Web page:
The New Directions Youth Project was an after-school program that AFSC ran from 1994-2003. Twice a week for the entire school year, it brought together 12 high school students who’d had a first-time brush with the law. They were matched with 10 mentors from the same community who were considered “successful.” The court-referred youngsters experienced a curriculum-based program including dialogue on making healthy choices, substance abuse and its consequences, alternatives to violence, a chance to talk about their experiences while in detention, and numerous trips to New York and New Jersey cultural and historical sites.
The project resulted in participation in a beautiful training documentary on juvenile justice called “Book Not Bars,” produced by Columbia’s Witness Program and the Ella Baker Center; “Our Children’s House” testimonies of these youngsters that helped result in the removal of the director of the Essex County Detention Facility; and a play also called “Our Children’s House,” which is used in a Maplewood, N.J., high school annually as a teaching tool.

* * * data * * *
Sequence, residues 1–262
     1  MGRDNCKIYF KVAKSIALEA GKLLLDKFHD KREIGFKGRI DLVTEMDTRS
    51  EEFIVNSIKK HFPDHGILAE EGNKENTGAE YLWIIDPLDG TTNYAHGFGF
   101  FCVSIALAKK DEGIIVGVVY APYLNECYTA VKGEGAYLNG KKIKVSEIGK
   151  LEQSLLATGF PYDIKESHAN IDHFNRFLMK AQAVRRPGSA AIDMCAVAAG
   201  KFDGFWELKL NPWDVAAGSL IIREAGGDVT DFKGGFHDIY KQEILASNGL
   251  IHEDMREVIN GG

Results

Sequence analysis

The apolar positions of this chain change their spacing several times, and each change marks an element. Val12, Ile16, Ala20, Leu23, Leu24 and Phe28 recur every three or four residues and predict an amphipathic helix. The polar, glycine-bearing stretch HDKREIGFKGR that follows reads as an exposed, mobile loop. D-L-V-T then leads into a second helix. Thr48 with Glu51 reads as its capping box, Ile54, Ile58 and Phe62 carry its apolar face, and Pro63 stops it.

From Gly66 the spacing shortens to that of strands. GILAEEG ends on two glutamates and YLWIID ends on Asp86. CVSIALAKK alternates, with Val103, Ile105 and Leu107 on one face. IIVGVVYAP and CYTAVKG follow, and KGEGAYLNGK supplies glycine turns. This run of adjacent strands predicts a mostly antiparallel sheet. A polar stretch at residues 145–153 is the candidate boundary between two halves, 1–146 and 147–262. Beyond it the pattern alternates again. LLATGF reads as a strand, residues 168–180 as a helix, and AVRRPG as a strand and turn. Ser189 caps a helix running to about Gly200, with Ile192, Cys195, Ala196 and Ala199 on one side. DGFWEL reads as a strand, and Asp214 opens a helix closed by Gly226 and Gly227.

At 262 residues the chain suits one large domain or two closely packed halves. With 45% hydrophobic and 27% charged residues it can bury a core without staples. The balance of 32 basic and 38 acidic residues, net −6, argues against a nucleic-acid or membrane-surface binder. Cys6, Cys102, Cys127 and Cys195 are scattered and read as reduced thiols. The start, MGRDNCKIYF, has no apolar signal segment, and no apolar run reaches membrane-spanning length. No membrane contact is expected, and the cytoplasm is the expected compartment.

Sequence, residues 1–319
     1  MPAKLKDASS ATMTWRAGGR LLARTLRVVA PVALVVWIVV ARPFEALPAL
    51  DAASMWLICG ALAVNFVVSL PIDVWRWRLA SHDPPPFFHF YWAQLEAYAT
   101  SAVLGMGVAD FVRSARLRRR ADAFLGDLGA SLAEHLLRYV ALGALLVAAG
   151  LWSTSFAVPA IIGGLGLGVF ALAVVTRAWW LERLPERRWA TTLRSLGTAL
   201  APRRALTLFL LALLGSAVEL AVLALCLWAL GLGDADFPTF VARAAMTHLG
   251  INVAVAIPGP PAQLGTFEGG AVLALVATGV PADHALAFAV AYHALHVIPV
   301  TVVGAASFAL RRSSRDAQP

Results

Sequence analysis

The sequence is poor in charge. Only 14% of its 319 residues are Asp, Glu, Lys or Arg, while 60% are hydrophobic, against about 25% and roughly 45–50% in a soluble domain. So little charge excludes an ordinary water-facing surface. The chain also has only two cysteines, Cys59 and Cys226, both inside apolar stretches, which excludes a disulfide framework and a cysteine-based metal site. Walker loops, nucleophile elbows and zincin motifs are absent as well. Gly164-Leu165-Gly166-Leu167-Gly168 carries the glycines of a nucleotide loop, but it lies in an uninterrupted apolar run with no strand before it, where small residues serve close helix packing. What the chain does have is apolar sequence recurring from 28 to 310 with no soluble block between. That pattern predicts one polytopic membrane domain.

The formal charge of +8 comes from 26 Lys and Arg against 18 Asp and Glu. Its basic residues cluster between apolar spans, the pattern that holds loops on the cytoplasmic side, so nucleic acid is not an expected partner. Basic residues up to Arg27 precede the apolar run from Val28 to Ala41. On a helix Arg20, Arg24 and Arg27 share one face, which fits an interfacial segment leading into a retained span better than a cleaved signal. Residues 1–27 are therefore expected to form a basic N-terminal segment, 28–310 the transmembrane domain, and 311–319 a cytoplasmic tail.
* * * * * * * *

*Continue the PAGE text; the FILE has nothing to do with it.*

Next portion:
As AFSC emphasizes work with young people, there may be many lessons drawn from the successes and failures of this program.